Back Pain and Breathing Patterns
By Dr Carla Cupido • October 31st, 2009 • 9687 Views
Altered Breathing Patterns in Chronic Low Back Pain Patients
A very interesting paper was published in European Spine Journal this month entitled Altered Breathing Patterns in Chronic Low Back Pain Patients. Rousell and his colleague’s research proved that patients with chronic low back pain often experience altered breathing patterns while performing movements involving the core muscles. This is relevant for anyone who moves and has low back pain! Let’s define each of the patterns that were considered impaired:
Breath holding: Pretty self explanatory.
Paradoxical breathing: Chest wall moves in on inspiration and out on expiration (reverse of the normal movements).
Upper costal breathing: Upper chest moves with inspiration and expiration while the diaphragm is not properly engaged.
Mixed pattern breathing: Any of the above patterns mixed together.
Dr. Stuart McGill from the University of Waterloo has proven through his research that increased intra-abdominal pressure (which occurs with breath holding) can help to stabilize the lumbar spine. However, he has also proven that it increases intradiscal pressure or the pressure that exists within our intervertebral discs, thereby making disc herniations more likely. Therefore, to remain safe while practicing yoga, be sure to KEEP BREATHING, especially during forward folds and abdominal strengthening poses.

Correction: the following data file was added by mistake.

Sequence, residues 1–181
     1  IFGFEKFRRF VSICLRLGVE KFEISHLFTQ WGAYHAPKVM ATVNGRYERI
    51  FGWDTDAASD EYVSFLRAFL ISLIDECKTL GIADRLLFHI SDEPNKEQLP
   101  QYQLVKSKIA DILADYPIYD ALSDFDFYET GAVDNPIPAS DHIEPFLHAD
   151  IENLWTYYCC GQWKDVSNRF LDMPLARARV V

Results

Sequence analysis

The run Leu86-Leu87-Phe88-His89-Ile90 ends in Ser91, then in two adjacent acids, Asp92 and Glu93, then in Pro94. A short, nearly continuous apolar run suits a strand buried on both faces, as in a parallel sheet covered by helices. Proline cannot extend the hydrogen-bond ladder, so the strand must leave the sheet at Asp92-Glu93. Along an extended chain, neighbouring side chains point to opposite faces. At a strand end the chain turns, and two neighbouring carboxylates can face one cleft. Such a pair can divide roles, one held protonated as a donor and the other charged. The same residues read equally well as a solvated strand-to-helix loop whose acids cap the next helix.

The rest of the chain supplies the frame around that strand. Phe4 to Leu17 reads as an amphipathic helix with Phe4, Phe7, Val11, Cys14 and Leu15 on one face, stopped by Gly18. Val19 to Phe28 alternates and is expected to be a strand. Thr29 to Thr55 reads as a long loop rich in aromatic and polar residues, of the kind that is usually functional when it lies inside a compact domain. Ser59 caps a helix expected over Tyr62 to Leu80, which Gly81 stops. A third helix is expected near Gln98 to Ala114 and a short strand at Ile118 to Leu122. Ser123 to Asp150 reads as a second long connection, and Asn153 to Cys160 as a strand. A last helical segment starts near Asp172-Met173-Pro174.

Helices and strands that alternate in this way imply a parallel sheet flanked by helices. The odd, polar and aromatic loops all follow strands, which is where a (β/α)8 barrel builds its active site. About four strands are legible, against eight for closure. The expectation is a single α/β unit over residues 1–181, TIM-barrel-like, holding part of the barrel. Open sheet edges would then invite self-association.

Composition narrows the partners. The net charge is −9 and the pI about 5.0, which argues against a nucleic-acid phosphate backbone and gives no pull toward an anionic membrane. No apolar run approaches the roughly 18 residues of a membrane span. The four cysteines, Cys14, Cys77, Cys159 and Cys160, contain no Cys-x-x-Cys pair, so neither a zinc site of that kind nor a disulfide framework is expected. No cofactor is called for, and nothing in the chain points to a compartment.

Paradoxical breathing exists in people with chronic respiratory conditions or during respiratory distress.
Upper costal breathing involves utilizing the accessory breathing muscles to inhale and exhale instead of the diaphragm. This is most easily noticed if you see someone’s shoulders move up and down during breathing. This can be caused by a number of reasons and can be corrected by learning how to engage the diaphragm and intercostal muscles to achieve healthy inspiration and expiration. People who upper chest breathe often have tight scalene muscles as they are key accessory breathing muscles.
The ideal breathing pattern was deemed to be costodiaphragmatic breathing. This pattern is defined by the ribcage displacing upwards, outwards and forward with outward abdominal movement (which is reversed on expiration). This means more than just breathing via the diaphragm; your stomach shouldn’t be the only area moving during breathing, your rib cage should move too.